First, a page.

Some perennial tropical grass varieties suit high rainfall areas, other low rainfall ones, some light acid soils, some light alkaline soils, some heavy clays, some hot areas, some colder ones, some waterlogged soils, some well drained ones.
Some are tough and long lasting, others short lived.
There are literally dozens of tropical grass species and varieties.
Hence why it is important to carefully assess which ones to choose.
Setaria, with several varieties, for example Splenda, is more suited to high rainfall areas, especially coastal ones.
Some varieties have useful cold, and even useful frost, as well as water logging tolerance.
Like all tropical grasses, quality depends greatly on soil fertility and growth stage, and can be as high as 20 per cent protein.
There are several Rhodes grass varieties with a range of maturities from early to late.
While initially mainly a coastal high rainfall perennial species, especially the earlier maturing ones, they were gradually tried and adopted in some lower rainfall inland areas.
However, NSW Department of Primary Industries trials showed the species was not as drought-hardy as species and varieties like Premier digit grass.
Rhodes grass does suit some other soils. For example Rhodes grass has more salt tolerance than some other types.
Gatton and Green panic were around well before Premier digit but, in lower and medium rainfall environments, have often not been near as long term persistent.
Note assessing tropical perennial grasses for most areas need to be long term trials, including a drought or two, to adequately assess long term persistence.
Suited more to medium textured soils with Gatton commonly more persistent than Green.
Curley Mitchell grass, a native perennial, with periodic good seed harvests, is an excellent drought-hardy species suited to hotter environments and neutral to high pH clay and loam soils.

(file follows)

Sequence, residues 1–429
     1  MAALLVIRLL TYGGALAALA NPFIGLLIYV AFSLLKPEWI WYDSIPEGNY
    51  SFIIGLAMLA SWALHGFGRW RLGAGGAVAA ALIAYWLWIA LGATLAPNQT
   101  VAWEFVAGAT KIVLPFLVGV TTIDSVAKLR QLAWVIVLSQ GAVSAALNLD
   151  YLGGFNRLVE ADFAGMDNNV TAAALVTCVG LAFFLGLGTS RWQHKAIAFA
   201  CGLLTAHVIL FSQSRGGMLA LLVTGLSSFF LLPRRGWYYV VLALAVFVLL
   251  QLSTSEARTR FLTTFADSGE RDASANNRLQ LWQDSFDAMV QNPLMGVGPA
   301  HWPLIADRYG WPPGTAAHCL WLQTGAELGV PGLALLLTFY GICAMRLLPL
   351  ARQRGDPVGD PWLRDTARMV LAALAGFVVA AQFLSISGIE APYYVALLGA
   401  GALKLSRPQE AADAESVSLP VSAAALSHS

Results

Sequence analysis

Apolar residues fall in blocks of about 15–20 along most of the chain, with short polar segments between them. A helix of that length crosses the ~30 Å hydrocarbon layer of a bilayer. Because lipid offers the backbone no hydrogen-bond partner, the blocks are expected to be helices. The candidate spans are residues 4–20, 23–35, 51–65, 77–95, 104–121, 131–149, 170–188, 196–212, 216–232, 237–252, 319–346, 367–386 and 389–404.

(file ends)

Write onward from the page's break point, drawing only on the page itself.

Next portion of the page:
It is sometimes quoted as moderate quality, but like most grass species, quality is a reflection of soil fertility.
Mitchell grass is susceptible to waterlogging and if re-establishment is contemplated, for example after a flood event or after cropping, inclusion with a species like bambatsi panic is worth considering.
Buffel grass is another species more suited to hotter environment of the state and have not performed well in research conducted in central west and slopes type areas.
There is a range of varieties with some more suited to well-drained lighter soils and some more for well drained loamy, even moderate clay soils. Buffel is extremely drought tolerant when well established and, again, feed quality is good if soil fertility is good.
Kikuyu is an interesting species. Although mainly advocated for high rainfall coastal type environments, and for irrigation, some kikuyu varieties, in detailed research, have shown good long term persistence in moderate rainfall environments.
However, production has not matched varieties like Premier digit in these areas.
Kikuyu has other advantages such as waterlog tolerance, cold tolerance and it's great for soil binding.
Bambatsi panic is especially suited to heavy clay, high pH soils and has good tolerance to waterlogging.
It also has useful frost tolerance, moderate salt tolerance and has persisted well in drier western environments.
Floren bluegrass is another drought-hardy species suited to heavy alkaline cracking soils and tolerates waterlogging.
There are other tropical grasses with good features like paspalum is waterlogged tolerant, good cold and drought tolerance and productive.
I have not detailed Premier digit, my favourite for much of NSW, at least as part of the pasture mix, with wide soil type adaptation.
Consol lovegrass is the toughest most acid soil tolerant species.
There are many very good native grass species but seed of most of them is generally scarce, very expensive, and commonly in mixtures with all sorts of good and not so good species.
Always check variety details for aspects like toxicity, common in many pastures including lucerne (bloat).
While normally not an issue oxalates can be found in rapidly growing species of Setaria, Buffel grass, Kikuyu and panics.
These can be problems for horses and sometimes sheep and cattle. A good understanding of risk factors can help avoid problems.
Next week: Research confirms grain sorghum has a bigger sowing window.
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